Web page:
The Jordanian flag flew on Monday over two villages whose reclamation from Israel after 60 years triggered celebrations in the kingdom but also cast uncertainty over future peace between the neighbouring nations.
King Abdullah officially announced the return of full Jordanian sovereignty over Baqoura and Ghamr in the Jordan Valley during an address to parliament on Sunday and prayed from Baqoura in a visit with the military on Monday.
Jordan gave the two parcels of land on a 25-year lease to Israel after the signing of the 1994 Wadi Araba peace treaty. Amid growing anti-Israel sentiment, the Jordanian government notified Israel last year that it would not be taking the option to renew the lease for another 25 years.
“This is the land of our ancestors, the land we have lived and died in and died for,” said Mohammed Al Rashid, 55, an Amman accountant who said he had heard of the “occupied” areas since he was a child. “This is what we waited for - and it is only just the beginning.”
“The Jordanian people demand this because it is a basic right we have been waiting for: a chance to tell Israeli ‘no’,” said Hibba Bani Hani, a 25-year-old unemployed university graduate. “But this is the least the government can do; let’s see the government hold Israel accountable for jailing our citizens, Palestinian women and children, and killing peaceful protesters.”
Baqoura and Ghamr had become national causes and a symbol of rising frustration among Jordanian citizens and even the governing elites over Israeli policies and a peace deal they claim has been unfulfilled on the ground.
Economic integration with the West Bank has not occurred, and water-sharing agreements violated. Potential mega-projects such as the Red-Dead canal to desalinate water and generate electricity, have been abruptly halted or shelved in recent years.
Officials and observers say the actions of the Israeli government under Prime Minister Benjamin Netanyahu have bordered on insulting, such as the hero’s welcome for a security guard who killed two unarmed Jordanian civilians at the Israeli embassy in Amman in 2017 and the recent detention without charge of two Jordanian citizens, who were released last week after going on hunger strike.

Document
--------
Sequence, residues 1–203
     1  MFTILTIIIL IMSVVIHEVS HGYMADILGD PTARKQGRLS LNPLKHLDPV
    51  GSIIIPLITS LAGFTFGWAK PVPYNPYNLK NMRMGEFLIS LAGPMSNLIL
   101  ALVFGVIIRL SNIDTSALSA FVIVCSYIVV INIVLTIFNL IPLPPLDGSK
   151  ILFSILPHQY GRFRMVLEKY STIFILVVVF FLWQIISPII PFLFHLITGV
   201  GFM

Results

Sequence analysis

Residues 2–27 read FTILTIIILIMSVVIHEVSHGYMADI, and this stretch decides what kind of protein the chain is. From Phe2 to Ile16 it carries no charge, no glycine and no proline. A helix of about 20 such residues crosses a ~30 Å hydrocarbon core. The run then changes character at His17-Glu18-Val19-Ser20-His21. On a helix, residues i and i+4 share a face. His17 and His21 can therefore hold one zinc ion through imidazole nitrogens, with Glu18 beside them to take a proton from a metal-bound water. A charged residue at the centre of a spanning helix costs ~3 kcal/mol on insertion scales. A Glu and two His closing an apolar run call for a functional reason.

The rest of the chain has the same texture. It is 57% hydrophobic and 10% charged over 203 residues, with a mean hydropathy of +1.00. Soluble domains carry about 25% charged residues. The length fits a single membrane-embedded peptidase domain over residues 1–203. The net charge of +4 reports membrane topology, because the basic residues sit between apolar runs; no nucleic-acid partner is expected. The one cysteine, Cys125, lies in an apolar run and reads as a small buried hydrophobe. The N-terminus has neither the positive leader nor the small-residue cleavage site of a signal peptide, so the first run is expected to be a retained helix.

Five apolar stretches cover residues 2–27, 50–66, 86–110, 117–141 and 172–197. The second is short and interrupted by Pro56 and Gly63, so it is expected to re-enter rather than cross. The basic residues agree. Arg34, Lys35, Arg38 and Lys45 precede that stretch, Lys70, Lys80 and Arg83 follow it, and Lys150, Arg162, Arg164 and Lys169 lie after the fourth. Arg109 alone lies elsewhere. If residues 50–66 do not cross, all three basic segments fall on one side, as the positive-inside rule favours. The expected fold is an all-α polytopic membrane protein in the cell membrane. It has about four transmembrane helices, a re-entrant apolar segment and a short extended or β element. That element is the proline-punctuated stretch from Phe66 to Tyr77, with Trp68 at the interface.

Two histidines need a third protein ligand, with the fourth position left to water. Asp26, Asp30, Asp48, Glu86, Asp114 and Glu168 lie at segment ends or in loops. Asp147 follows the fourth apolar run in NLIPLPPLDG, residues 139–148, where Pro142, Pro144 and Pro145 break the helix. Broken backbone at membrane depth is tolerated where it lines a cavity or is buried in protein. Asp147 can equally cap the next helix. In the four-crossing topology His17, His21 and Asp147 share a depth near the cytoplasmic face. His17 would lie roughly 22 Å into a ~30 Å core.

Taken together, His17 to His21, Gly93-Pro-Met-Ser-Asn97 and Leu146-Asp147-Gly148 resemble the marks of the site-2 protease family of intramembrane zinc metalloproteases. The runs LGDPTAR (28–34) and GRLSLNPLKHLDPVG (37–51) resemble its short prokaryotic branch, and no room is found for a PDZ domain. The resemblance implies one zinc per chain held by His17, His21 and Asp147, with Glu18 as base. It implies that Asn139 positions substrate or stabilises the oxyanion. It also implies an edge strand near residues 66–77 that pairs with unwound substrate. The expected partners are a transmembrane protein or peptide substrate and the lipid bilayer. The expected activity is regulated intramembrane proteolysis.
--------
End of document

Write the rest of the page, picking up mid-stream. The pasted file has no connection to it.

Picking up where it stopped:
The restrictions on entry to Al Aqsa Mosque and detention of Waqf officials administering the site, who are Jordanian government employees, are seen as not only violations of the Hashemite custodianship of Muslim and Christian holy sites in Jerusalem enshrined in the peace treaty, but a direct threat to stability in Jordan.
“Peace has become frozen as Jordanians have seen no peace dividends. The government is seen by the public as appeasing Israelis without delivering anything to the people,” says Hassan Barari, political analyst and commentator on Jordanian-Israeli relations.
“This is linked to the rise of the right in Israel and the defeat of the peace camp in Jordan; now the Jordanian government sees that peace may never be realised with Israel.”
“If they don’t change course, peace with Jordan will be nothing more than a document.”
But despite the euphoria over the reclaiming of the villages, confusion persists over the issue of land rights. In Baqoura an area of 82 hectares, several farms are owned by Israelis, some of them descendants of Jewish families who have deeds and lands registered under the Trans-Jordan emirate in the 1920s. The Jordan Foreign Ministry says the 4 square kilometres of Ghamr are owned directly by the Jordanian treasury and were leased to Israel for cultivation.
As of Monday, Baqoura and Ghamr remained closed to the general public and the Jordanian foreign ministry cancelled a press trip to the areas. Both areas at the western edge of the Jordanian border are considered military zones.
According to the foreign ministry, as per an arrangement with Israel, Israeli farmers will be able to obtain visas at the Jordanian embassy in Tel Aviv and enter only once crops are ready for harvesting - a period of two-to-three months- but they will no longer enjoy the tax and legal exemptions granted previously.
“We remain committed to complying with our legal commitments under international and Jordanian law, which includes respecting private property in Baqoura,” Jordan Foreign Minister Aymen Safadi said in a presser on Monday.
For Jordanians who are against the peace treaty and demand a tougher stance on Israel and its occupation of Palestinian lands, the move is just the beginning.
“You will see many more Jordanians feel encouraged to take part and promote anti-normalisation activities in the future,” said Oraib Rantawi, analyst and director of the Amman-based Al Quds Centre for Political Studies.
“Less and less people believe in the peace process and now they will be emboldened to demand a new approach with Israel.”